Texas and Oklahoma health officials announced Thursday a set of testing and other measures that Blue Bell has agreed to take to ensure that its ice cream is safe before it can sell products from plants in those states.
The agreements represent a flexing of regulatory muscle after the revelation that Blue Bell, through its own tests, knew about listeria on floors and pallets as early as 2013 but did not extend listeria testing to its production lines.
Regulators said they didn’t know that until the Food and Drug Administration visited the plants this year after an outbreak with hospital patient deaths in Kansas and illnesses in multiple states.
Despite minor infractions like a dirty mop bucket, Texas inspectors had given Blue Bell glowing reports in past visits. Only when the FDA responded to the outbreak did federal inspectors note that condensation was dripping into pints of ice cream and sanitation programs were failing.
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It’s unusual for state health departments to enter into this kind of agreement with a producer. And the measures announced Thursday mark an extraordinary departure from testing routines for both the company and the states. They don’t normally look for listeria in finished ice cream, but they will now.
“This was a special circumstance,” said Carrie Williams, spokeswoman for the Texas Department of State Health Services, describing the agreement in an email.
“Blue Bell has been very cooperative, but we wanted to be firm and crystal clear in our requirements. We license and regulate the company and will hold them to the requirements. If they don’t comply, and we have no indication they won’t, we could use our regulatory powers to detain product, issue a cease and desist order or suspend the license.”
While the agreements show the states taking action — even while the outbreak investigation continues — they also demonstrate the company’s efforts to regain public confidence.
Blue Bell characterized the agreements as voluntary. After signing the deal in Texas, Blue Bell approached Oklahoma officials about having the same measures imposed on its plant in Broken Arrow, said Blayne Arthur, spokesman for the Oklahoma Department of Agriculture, Food and Forestry.
Blue Bell has initiated talks to enact the same agreement at its other plant, in Alabama, a spokesman for that state’s Department of Public Health said.
In a statement, Blue Bell CEO Paul Kruse said: “We are committed to meeting the high standards and expectations of our customers and our regulatory agencies. State and federal regulatory agencies play an important role in food safety, and we hope that it will be reassuring to our customers that we are working cooperatively with the states of Texas and Oklahoma in taking the necessary steps to bring Blue Bell Ice Cream back to the market.”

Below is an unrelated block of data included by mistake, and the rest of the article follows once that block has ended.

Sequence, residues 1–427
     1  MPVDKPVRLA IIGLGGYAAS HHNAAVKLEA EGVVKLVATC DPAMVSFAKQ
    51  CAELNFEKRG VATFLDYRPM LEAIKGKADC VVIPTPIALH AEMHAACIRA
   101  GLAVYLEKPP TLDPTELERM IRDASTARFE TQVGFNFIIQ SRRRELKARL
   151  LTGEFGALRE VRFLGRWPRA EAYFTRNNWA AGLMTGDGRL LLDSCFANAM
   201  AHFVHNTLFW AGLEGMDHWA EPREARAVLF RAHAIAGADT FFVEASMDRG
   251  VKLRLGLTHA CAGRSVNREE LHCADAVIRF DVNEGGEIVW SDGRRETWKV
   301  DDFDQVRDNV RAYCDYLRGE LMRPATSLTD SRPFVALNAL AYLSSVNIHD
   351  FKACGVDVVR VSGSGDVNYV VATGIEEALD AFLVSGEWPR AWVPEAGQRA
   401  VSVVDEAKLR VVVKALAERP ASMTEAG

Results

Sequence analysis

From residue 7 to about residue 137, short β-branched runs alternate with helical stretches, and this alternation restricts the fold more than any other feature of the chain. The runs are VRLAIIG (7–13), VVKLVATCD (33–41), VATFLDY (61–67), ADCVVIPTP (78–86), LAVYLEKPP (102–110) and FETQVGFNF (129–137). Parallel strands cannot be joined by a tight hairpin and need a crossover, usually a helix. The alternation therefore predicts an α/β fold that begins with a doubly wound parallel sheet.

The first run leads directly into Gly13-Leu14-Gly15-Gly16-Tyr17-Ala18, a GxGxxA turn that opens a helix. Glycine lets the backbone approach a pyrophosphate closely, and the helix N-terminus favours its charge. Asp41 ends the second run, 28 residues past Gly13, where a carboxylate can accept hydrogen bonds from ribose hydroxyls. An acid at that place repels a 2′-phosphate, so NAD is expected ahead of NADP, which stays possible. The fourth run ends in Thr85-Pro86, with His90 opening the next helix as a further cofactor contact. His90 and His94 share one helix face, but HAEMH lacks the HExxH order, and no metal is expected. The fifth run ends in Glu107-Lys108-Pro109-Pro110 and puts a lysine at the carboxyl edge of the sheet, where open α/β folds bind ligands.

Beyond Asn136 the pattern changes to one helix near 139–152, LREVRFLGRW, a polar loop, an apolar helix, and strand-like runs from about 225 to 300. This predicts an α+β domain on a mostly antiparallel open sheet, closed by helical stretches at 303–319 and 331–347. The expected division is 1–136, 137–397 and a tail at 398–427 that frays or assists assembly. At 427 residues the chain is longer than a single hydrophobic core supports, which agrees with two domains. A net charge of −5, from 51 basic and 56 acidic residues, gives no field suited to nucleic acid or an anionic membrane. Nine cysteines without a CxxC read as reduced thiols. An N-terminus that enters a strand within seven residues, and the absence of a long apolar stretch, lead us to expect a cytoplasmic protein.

Return still months away
Kruse has said it will be months before sales resume.
Williams said it’s too soon to talk about regulatory changes or additional testing because no one knows how the ice cream became tainted with listeria.
But Thursday’s agreements could well provide a framework for those discussions and for voluntary changes at other ice cream producers. Dairy is one of the usual suspects for listeria outbreaks, but frozen desserts caught the spotlight only recently, partly because listeria lies dormant at freezing temperatures.
New technologies also make it easier to link tainted products to illnesses, even ones reported years ago, assuming the patient gave a blood or stool sample.
In 2008, the FDA recommended that food manufacturers test for listeria in finished products. But recent outbreaks tied to Snoqualmie Ice Cream in Washington state, Jeni’s Splendid Ice Creams in Ohio and Blue Bell show that the frozen-dessert industry hasn’t always followed suit.
Under the new agreements, Blue Bell must notify health officials at least two weeks before producing ice cream for sale so they can fully assess the company’s progress and test results.
The requirements include trial runs of ice cream that will be tested separately by the state and the company for listeria, and tests of food surfaces and machinery on production lines.
For at least two years, Blue Bell must report positive listeria tests within 24 hours. For at least one year, it must implement test-and-hold procedures, meaning that products must test clean before they can be sold.
Blue Bell will also retain a microbiologist to supervise cleaning and testing programs.